Many of the previous blogs in this series have focused on the more technical aspects of data science like training models and measuring performance. In all real world data science projects, you’ll need to do more than just the technical aspects. Unless you’re doing it to learn (a perfectly valid reason!), we typically aren’t doing data science for the sake of doing data science. We don’t want to spend tons of time and effort on a data science project, just to have it dropped on the floor or ignored. It’s crucial to communicate with everyone involved in your data science projects to increase the chances of your projects being adopted/recognized.
Data science is a team sport
Data science involves a wide range of skills and expertise, especially in large projects. You need people who can munge data, train models, and have subject matter expertise in the specific problem domain. For large projects, you’ll want people with software engineering experience to help you build maintainable code and systems. The traditional Venn diagram for describing data science comes from Drew Conway.
It’s pretty unlikely that one person is an expert in all of these fields (which is why they are referred to as unicorns!). Successful data science projects usually need input from a variety of people. A more accurate Venn diagram might look like
Clearly there is a lot to get right for a successful data science project. In my experience, people tend to focus on the more technical aspects and ignore the customer/client angle. There are a lot more resources for the data preparation and model training parts of this Venn diagram. It’s also important to understand the marketing angle.
Marketing your work
It’s important to communicate with the people who are going to actually use the models that you’ve built. People won’t just use your models for no reason, they actually need to be useful. Here are a few things to keep in mind when trying to make sure the project you’re working on is useful. You should talk to your clients (either internal or external) to figure out the problems that they need solving.
Understand their workflow
Talk to experts in the problem domain that you’re working in. These could be doctors, business analysts at your company, or just some trusted friends/family. Try to understand what the pain points are in their workflow and figure out ways that you might be able to help solve it. Machine learning works best on specific, well-defined problems. Talking to experts can help you pinpoint these specific problems. Saying I’m going to train a machine learning model to look at MRI images for a specific disease is a more achievable goal than saying “AI/ML for medicine”. You should make sure that everyone is on the same page and using the same language. Additionally, trust the expertise of the people you are talking to! You don’t want to be this person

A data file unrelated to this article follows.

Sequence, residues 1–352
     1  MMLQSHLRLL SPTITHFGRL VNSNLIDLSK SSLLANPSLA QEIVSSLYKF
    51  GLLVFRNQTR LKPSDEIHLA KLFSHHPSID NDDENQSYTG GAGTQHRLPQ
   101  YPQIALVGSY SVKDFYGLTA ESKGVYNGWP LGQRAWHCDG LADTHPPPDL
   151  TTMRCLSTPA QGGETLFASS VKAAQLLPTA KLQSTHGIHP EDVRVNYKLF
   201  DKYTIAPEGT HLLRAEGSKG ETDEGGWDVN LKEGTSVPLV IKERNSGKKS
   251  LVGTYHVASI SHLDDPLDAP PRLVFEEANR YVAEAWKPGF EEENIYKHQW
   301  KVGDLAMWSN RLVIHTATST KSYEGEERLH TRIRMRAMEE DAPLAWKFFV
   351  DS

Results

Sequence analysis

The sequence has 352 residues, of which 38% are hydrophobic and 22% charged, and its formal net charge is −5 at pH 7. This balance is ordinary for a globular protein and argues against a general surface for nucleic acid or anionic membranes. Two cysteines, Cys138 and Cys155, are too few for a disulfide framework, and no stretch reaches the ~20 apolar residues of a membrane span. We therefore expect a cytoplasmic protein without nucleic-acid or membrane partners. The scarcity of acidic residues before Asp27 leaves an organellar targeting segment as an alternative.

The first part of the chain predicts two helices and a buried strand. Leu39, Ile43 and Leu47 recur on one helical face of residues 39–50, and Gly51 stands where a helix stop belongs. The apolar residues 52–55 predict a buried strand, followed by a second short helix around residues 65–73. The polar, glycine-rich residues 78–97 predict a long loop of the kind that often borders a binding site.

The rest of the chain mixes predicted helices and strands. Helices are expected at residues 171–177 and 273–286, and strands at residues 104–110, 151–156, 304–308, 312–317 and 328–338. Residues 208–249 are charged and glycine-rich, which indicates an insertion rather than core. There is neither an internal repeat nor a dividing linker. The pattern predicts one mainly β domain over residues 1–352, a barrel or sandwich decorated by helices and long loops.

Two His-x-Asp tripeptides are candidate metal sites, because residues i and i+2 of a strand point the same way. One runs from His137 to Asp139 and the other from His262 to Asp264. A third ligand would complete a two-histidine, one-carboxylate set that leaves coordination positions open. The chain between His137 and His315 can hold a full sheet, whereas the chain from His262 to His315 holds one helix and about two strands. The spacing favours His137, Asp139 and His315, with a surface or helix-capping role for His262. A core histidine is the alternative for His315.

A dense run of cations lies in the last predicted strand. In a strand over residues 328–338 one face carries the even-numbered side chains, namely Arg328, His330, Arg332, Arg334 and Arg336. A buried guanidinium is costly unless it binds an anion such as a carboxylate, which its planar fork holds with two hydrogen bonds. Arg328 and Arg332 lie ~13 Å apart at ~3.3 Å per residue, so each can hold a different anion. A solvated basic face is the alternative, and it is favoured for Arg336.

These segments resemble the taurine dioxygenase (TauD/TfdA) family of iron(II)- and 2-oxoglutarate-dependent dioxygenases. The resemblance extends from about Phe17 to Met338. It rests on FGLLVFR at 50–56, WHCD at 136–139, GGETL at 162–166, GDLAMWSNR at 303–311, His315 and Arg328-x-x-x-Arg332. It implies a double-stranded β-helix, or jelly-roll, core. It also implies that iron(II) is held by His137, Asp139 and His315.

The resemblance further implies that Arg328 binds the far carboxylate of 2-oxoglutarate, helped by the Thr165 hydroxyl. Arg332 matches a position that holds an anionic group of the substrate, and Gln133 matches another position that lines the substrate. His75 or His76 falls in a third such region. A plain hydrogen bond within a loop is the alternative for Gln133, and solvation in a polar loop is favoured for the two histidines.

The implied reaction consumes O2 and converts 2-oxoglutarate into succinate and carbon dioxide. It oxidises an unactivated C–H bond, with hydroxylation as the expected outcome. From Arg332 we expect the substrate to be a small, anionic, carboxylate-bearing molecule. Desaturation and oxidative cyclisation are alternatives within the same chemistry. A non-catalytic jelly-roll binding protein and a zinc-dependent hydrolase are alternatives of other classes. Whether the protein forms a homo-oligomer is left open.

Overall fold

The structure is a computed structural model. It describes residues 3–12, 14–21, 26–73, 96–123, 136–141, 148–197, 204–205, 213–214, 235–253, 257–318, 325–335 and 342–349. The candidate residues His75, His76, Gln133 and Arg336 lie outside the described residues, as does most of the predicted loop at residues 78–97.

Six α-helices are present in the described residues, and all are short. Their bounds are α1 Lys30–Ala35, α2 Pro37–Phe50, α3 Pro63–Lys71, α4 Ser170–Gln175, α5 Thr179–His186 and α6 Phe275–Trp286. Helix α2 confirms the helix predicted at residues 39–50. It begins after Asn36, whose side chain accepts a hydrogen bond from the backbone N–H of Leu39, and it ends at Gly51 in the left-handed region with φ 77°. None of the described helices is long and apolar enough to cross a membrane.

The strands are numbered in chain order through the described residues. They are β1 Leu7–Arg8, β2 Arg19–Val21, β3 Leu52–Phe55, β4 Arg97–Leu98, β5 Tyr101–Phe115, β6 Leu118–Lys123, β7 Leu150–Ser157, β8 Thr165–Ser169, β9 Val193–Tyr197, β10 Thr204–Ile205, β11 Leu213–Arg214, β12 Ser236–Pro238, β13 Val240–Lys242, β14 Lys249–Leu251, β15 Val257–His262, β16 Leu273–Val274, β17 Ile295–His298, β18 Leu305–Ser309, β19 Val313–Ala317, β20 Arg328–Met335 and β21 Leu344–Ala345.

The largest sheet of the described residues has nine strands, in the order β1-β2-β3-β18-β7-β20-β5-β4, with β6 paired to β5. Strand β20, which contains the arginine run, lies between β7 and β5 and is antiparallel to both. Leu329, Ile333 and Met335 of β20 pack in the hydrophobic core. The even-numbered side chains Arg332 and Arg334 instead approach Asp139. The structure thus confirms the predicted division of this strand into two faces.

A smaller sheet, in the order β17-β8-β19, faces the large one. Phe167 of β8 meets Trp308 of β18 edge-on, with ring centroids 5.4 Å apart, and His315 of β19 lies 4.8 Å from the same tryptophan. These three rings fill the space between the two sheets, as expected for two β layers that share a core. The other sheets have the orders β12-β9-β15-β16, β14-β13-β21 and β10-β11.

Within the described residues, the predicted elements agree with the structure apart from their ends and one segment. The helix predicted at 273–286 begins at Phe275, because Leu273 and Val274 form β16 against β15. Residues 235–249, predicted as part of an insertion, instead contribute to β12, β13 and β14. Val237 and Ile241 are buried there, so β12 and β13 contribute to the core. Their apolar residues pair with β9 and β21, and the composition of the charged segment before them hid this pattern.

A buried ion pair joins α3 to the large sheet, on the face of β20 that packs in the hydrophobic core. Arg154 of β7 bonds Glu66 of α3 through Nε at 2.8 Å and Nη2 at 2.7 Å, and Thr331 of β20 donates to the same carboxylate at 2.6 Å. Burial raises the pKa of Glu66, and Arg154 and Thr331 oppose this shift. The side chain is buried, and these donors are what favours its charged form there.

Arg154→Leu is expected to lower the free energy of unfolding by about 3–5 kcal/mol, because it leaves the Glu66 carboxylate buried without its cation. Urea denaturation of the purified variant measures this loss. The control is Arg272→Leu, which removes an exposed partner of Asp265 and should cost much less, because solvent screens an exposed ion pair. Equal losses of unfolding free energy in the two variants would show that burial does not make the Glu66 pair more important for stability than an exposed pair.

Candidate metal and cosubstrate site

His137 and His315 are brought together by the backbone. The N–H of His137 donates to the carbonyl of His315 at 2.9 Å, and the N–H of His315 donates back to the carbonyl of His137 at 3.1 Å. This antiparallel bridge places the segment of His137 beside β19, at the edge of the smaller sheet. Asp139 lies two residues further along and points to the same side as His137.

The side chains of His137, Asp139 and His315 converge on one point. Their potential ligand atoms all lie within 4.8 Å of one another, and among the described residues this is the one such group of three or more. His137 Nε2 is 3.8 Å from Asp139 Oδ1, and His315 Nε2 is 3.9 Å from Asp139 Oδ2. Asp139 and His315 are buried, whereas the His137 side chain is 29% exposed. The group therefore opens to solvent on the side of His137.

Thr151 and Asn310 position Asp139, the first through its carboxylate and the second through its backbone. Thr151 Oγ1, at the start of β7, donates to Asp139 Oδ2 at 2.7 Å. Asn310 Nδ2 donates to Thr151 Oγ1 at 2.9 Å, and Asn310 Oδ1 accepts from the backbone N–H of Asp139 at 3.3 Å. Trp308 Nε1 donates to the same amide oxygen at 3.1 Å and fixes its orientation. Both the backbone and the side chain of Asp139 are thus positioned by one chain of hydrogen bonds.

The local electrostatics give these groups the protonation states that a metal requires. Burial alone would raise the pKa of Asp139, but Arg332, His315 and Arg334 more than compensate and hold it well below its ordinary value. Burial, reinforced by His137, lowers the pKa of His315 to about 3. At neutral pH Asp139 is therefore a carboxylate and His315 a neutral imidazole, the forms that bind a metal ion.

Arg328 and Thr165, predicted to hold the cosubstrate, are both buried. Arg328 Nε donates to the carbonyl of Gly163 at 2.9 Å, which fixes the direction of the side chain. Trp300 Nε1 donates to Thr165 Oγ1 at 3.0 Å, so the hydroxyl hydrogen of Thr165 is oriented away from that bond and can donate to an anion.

It’s possible you’ve been tasked by your management to “use machine learning”. You should also know by now that machine learning/AI is not magic. For people who are less familiar with the field, it can be hard to tell what is doable or still an active area of research. It’s really important to be honest about what is realistically achievable. You should also make it clear if the tools you are developing are intended to take automated actions, or help humans make better decisions. Fit into their workflow If possible you should try to avoid building shiny new tools to display your model results. People typically have workflows and existing tools that they are comfortable with. You should try to fit your model results into these tools (or at the very least link your tool from the existing ones).
Communicate early and often
As the project progresses, you should update your clients with any results that you’ve found. You should also ask for their input regularly. For example, if you hear them saying “why did the model make THAT prediction?” you might want to focus on more interpretable models. It can be very helpful to have a small group of trusted clients who are closely involved with the process. Management or software engineering teams might be familiar with Agile software development as a way to manage projects. There are some good parts that can be adapted for data science projects. Linear Digressions did a good two part series on Agile for Data Science, talking about the good and adjustments that should be made. Be clear in what you are asking for feedback on. If you are looking for feedback on the way you are displaying results (as compared to the results themselves), make that obvious!
Data science involves a lot of skills and no one can do it all. We tend to focus on the technical parts of the data science pipeline, but communication and marketing are crucial skills. A person with domain expertise and the ability to communicate with end users and other data scientists is as valuable as the people training the models and preparing the data.